WikiLeaks: Hillary Clinton campaign considered Tim Cook, Bill Gates for V.P. nom
On Tuesday, the whistle-blowing website WikiLeaks released yet another email from Hillary Clinton 2016 campaign chair John Podesta, this time revealing exactly who was under consideration for her vice presidential nomination other than her eventual pick, Virginia Sen. Tim Kaine.
Along with well-known names like former New York City Mayor Michael Bloomberg, New Jersey Sen. Cory Booker and Massachusetts Sen. Elizabeth Warren, Podesta listed two billionaire tech luminaries in the same "food group": Apple CEO Tim Cook and Microsoft co-founder Bill Gates.
Cook would be the first openly gay man ever nominated on a major party presidential ticket. But he would also come with some baggage as the leader of a major multinational tech corporation which has at times found itself in conflict with tax authorities.
Apple has recently found itself under fire for alleged violation of European Union tax rules, with Cook referring to the E.U.'s order to pay Ireland some $14.5 billion in unpaid taxes as "political crap." Shortly thereafter, the U.S. Treasury tightened "restrictions on companies' use of foreign tax credits to reduce what they owe in U.S. taxes," Reuters reported.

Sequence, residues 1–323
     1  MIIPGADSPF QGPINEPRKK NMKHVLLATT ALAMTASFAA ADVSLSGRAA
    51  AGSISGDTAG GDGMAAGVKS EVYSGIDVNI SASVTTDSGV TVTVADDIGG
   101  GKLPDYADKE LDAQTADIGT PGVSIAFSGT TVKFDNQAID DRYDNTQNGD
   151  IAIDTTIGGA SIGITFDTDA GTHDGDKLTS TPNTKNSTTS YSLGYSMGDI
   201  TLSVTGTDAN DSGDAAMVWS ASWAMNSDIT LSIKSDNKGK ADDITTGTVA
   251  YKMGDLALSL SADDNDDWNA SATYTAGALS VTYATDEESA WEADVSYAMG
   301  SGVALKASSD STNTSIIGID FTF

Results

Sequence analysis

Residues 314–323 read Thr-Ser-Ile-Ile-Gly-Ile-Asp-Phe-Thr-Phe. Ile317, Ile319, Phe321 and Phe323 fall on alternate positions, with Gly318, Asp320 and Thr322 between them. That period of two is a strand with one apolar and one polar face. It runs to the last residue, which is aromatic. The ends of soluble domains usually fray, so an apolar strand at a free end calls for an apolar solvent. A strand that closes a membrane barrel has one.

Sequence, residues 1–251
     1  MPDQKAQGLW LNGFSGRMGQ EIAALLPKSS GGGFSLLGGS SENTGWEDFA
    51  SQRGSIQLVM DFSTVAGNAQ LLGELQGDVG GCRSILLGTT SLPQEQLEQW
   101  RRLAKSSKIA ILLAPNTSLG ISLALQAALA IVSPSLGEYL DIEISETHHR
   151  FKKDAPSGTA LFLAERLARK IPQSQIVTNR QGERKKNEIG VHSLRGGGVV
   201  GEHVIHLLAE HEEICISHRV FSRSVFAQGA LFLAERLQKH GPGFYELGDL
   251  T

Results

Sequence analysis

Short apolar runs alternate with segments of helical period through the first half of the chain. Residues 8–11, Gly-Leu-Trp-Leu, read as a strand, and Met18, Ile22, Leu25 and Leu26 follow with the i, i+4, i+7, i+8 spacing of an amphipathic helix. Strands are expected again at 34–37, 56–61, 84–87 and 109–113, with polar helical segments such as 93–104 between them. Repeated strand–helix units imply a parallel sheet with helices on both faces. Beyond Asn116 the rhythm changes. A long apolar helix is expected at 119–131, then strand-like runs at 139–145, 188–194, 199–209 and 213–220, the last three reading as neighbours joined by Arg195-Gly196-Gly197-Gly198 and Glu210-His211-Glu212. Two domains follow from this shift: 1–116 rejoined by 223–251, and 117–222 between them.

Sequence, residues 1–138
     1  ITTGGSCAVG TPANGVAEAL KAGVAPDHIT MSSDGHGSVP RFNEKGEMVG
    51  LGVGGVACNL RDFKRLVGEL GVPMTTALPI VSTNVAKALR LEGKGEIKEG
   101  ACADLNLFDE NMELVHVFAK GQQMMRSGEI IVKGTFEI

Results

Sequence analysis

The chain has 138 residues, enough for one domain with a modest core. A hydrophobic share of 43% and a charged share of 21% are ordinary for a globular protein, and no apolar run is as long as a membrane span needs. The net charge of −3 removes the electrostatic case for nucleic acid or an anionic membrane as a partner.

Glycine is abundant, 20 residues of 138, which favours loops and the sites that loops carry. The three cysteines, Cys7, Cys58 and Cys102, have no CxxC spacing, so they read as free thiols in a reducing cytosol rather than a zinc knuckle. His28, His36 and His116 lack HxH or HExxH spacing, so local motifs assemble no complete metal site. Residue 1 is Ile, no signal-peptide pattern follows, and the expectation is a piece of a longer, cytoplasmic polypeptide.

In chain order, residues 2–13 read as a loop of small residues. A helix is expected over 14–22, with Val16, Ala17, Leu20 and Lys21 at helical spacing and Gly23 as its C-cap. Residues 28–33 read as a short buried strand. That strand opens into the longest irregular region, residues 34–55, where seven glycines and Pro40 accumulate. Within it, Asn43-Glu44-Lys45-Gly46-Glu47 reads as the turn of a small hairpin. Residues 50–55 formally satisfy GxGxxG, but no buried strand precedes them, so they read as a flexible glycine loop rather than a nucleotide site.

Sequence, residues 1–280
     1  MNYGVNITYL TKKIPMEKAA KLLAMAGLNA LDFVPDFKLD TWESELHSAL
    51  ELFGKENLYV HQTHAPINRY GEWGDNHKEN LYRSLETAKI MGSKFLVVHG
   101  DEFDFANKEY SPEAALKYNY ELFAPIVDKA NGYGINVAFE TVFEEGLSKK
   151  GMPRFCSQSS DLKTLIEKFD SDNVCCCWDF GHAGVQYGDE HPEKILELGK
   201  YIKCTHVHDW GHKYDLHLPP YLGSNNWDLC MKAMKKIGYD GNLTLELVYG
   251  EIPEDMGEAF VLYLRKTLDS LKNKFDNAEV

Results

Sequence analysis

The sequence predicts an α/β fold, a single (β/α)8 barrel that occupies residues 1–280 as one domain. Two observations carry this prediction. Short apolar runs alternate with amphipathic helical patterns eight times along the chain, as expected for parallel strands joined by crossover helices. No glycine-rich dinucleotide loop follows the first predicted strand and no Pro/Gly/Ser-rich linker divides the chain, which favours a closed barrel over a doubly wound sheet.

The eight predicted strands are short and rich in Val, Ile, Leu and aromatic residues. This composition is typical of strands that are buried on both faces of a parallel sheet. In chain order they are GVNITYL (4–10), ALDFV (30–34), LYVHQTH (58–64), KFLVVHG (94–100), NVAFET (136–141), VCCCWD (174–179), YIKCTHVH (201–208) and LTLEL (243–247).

Gates is now widely known as one of the world's biggest philanthropists, even as his fortune ballooned to $90 billion earlier this year, but his tenure at Microsoft was marked by controversy over his harsh management style, anti-trust litigation and often ruthless business tactics.
While both are highly successful business leaders in their own right, it's really not so clear voters are very hungry for technocratic, business-oriented one-percenter candidates this year. In early 2016, fellow "food group" member Bloomberg briefly visited the possibility of his own presidential run, but later decided not to.
More generally, Kaine was selected specifically as a less-than-threatening moderate with political experience who wouldn't rock the boat. The selection of either tech billionaire, neither who have held political offices, could have opened Clinton to a less predictable array of attacks from both her left or right flanks during the general election.